If you learned a musical instrument as a child, you know that it’s often a struggle to stay motivated and continue with lessons and daily practicing. And as an adult, you may find yourself facing the same struggle with your own child, especially after the first few months of excitement wear off and progress seems slower. And if you discontinued lessons yourself, or never had the chance to learn in the first place, it can be especially difficult to see the value of a serious commitment to music education.
Here’s the good news for parents in need of a little inspiration to help their student stick with learning an instrument: research shows that making a long-term commitment to music lessons is one of the best things you can do for your child’s development, with benefits that last well into adulthood. So while there’s lots of ways to encourage a daily motivation for music practice— celebrating small successes, performing regularly, and setting goals— it’s also important to remember the big-picture reasons for staying dedicated to mastering an instrument.
A recent psychology of music study interviewed adults about their experiences learning an instrument. Those who reported taking music lessons for several years also reported a significantly higher tendency to participate in the arts community as an adult. Whether attending music or theater performances, performing themselves, or embracing an entirely new medium like painting or photography, children who study music develop a lifelong love of for art and music, and each person reported that their interest in the arts significantly improved their quality of life. In the end, it doesn’t matter if your child never becomes a professional concert pianist. What matters is that they dedicate their time to something that will bring them joy, satisfaction, and meaning for their entire lives.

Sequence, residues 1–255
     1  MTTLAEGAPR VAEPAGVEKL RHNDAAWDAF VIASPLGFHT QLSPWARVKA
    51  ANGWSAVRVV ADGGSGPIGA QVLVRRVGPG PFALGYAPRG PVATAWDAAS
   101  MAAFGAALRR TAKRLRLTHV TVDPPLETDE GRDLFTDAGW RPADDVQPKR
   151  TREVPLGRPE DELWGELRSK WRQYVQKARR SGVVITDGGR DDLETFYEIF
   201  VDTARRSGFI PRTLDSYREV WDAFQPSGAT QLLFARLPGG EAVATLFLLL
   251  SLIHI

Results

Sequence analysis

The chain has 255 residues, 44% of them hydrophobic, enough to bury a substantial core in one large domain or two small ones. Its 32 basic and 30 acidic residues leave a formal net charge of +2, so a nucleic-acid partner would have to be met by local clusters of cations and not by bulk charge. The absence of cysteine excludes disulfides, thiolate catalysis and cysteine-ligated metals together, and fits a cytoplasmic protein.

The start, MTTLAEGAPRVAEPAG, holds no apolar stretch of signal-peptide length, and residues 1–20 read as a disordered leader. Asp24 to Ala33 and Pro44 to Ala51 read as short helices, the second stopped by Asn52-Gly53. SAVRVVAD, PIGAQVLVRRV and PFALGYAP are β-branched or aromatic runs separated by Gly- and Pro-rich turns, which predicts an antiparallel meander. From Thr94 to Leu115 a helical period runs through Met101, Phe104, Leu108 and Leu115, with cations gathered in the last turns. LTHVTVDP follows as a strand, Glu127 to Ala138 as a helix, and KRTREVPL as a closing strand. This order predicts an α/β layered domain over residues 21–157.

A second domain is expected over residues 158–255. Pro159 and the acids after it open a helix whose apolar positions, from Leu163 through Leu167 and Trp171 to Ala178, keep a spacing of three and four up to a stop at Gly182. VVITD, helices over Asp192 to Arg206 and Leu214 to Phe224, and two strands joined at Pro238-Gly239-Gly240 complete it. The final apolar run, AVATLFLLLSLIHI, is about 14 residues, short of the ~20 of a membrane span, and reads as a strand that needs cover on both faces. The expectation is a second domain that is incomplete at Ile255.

Similarly, neuroscientists at Northwestern University recently studied the brain responses of senior citizens, testing how quickly they could identify and respond to speech patterns and their ability to process sound. The participants who reported studying music for at least fourteen years as a child and young adult showed significantly faster language comprehension, as well as better memory recall. The scientists concluded that music is a key factor to healthy aging, and can help prevent age-related cognitive difficulties, which seems awfully important if you’re a parent who sometimes forgets where they left their keys.
Lastly, music teachers will tell you that encouraging your student to stick with music lessons is often just a waiting game with the finish line in sight. Kids develop quickly, and once a student reaches age 12-13, they’re developmentally ready to start making long-term decisions on their own. After spending their childhood taking lessons, they’re often invested enough to keep going without needing the same level as external motivation as a young child. Even better, they’ve already experienced the benefits of learning a new skill, and they’ll continue to benefit into adulthood. So keep your head up, and keep encouraging that daily practice. Your adult children will thank you, especially when they grow up and attend music performances on their own, and can always remember where they left their keys.